How the Microsoft WCC could be good or bad

While thinking this through, there are a number of serious issues with WCC I can spot. I won’t go through them here, I want to mull over them for a while.

MPI. Supporting a new interconnect is hard. You have to relink your application. This is true on *all* platforms. Some such as the Scali system attempt to make this easy by separating layers, and allowing you to compile your app and select the fabric at runtime. This is a great idea. Unfortunately it is not in as common use as I would like. Most of the major ISVs don’t support Scali (a few do), most do MPICH/LAM and others. LAM has some ability to do this as I remember, haven’t looked recently, but it is in maintenance mode with new work going on in OpenMPI. MVAPICH is garnering lots of attention these days due to its support of IB, multirail, RDMA, etc.

But thats the point. There are lots of them. What is an ISV supposed to write to? Moreover, some of these are (rapidly) moving targets. Moving targets are not good from a developer point of view. Adds cost, time, reduces quality as you have to spend more of your limited resources chasing it.

This is not a linux specific problem. Windows has the same issue. What Microsoft is basically promising (which would be good) is to unify this (on windows of course).

The unification would be a good thing. A nice DLL that let us use new features when ready without rebuilding the code would be wonderful. We could do this with Linux as well. The LD_PRELOAD mechanism is very helpful. We choose not to for some reason when we build statically linked binary MPI. There are arguments for this. I don’t remember them, but some people are staunch defenders of the status quo.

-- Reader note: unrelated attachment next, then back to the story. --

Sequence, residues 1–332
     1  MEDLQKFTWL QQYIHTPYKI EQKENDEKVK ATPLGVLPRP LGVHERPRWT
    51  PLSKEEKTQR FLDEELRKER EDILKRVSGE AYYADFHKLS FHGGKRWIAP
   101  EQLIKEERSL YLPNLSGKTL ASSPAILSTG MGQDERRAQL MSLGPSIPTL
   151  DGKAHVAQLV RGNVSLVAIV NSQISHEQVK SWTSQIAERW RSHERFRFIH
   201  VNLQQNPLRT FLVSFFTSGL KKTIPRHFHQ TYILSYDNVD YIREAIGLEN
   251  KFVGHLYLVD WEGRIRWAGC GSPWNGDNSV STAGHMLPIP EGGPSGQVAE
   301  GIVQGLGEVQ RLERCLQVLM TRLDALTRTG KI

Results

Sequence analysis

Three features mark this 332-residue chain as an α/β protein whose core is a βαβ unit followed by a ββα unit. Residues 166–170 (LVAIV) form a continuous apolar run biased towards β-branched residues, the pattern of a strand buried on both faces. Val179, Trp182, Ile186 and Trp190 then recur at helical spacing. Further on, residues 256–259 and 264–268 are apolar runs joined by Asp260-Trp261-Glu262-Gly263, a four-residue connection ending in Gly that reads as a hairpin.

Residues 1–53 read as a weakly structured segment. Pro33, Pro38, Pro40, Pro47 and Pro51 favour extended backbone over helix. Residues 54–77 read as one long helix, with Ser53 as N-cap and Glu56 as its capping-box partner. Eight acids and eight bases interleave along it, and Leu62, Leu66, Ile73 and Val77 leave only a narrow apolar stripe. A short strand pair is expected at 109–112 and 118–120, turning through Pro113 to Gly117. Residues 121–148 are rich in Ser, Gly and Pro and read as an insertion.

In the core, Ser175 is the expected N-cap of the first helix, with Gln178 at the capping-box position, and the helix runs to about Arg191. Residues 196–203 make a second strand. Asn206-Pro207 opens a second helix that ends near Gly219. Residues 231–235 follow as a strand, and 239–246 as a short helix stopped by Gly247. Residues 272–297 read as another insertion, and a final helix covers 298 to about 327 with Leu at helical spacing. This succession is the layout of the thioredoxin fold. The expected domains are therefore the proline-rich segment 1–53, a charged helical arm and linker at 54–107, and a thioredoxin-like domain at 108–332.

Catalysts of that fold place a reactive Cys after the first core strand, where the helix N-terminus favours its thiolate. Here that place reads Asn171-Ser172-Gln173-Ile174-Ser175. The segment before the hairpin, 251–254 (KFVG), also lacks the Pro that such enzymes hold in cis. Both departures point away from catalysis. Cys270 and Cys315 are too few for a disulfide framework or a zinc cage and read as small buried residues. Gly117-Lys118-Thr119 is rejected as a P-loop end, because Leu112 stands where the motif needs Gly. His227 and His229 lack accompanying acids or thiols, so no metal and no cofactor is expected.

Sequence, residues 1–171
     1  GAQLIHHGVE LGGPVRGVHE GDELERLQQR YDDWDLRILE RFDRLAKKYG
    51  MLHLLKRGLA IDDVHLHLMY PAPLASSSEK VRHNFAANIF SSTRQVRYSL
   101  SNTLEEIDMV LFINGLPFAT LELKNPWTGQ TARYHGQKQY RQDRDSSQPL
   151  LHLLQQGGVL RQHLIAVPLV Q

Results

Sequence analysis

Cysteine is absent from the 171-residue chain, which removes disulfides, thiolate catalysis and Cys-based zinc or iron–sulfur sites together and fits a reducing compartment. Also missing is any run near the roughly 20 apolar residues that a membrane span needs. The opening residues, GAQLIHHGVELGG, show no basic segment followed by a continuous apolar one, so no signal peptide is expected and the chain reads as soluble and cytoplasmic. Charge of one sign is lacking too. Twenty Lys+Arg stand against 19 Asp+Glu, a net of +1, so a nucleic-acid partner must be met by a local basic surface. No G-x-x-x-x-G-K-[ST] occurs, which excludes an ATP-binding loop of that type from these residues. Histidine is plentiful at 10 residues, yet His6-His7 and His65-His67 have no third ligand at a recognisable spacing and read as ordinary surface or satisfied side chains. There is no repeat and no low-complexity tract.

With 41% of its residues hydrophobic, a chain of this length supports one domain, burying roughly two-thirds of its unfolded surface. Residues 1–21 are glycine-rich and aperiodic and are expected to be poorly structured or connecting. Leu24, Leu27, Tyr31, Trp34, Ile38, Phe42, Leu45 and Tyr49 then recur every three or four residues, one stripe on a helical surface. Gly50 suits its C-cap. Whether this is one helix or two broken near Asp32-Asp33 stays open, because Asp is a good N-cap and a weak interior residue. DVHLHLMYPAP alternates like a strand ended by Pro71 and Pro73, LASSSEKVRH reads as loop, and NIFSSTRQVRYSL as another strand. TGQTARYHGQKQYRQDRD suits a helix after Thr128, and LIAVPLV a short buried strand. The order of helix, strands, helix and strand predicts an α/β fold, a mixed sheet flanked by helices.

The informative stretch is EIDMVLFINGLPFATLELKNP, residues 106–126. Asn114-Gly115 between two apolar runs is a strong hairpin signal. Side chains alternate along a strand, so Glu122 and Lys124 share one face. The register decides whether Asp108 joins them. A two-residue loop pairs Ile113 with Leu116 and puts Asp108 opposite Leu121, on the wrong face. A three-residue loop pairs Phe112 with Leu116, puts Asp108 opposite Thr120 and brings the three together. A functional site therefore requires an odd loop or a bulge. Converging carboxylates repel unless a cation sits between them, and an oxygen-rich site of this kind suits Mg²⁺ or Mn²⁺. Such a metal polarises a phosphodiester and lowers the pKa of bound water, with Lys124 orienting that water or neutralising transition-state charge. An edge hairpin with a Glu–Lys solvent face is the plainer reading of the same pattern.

While this is good, there are some bad elements of this. Most of the development that I am aware of going on in new MPI and related technologies is going on outside the windows world. So these folks are largely going to miss out until Microsoft gives the green light. This is true in more than just MPI, advanced networking, filesystems, etc.

This places the Microsoft solution firmly behind the powercurve. Maybe thats where they want to be, but I would think a better strategy would be cross platform unification.?? This way they could take advantage of developments on linux.
Finally, a way to win hearts/minds is to make the barriers to adoption as low as possible (this is what Linux did, made them effectively non-existent). This way, code could easily ported from an existing Linux port w/o significant changes. I had previously suggested the Cygwin technology for this. I might suggest again that Microsoft buy that from Redhat, make it a first class environment for Windows, and have all our comfortable tools there. Lower those barriers.

Somehow, I don’t think this will happen, but it is worth at least suggesting it.?? You may view their effort as either a good thing or a bad thing.?? More choice is good for the market.?? Vendor lockin is bad.?? Ask any customer what they think of being tied to a single vendor.?? None that I am aware of like it, many are eschewing it.?? Which is why Linux is so popular here, no one company controlls it.?? You don’t like what you see, you can choose another supplier.???? Microsoft could do good things here, or they can do bad things here.

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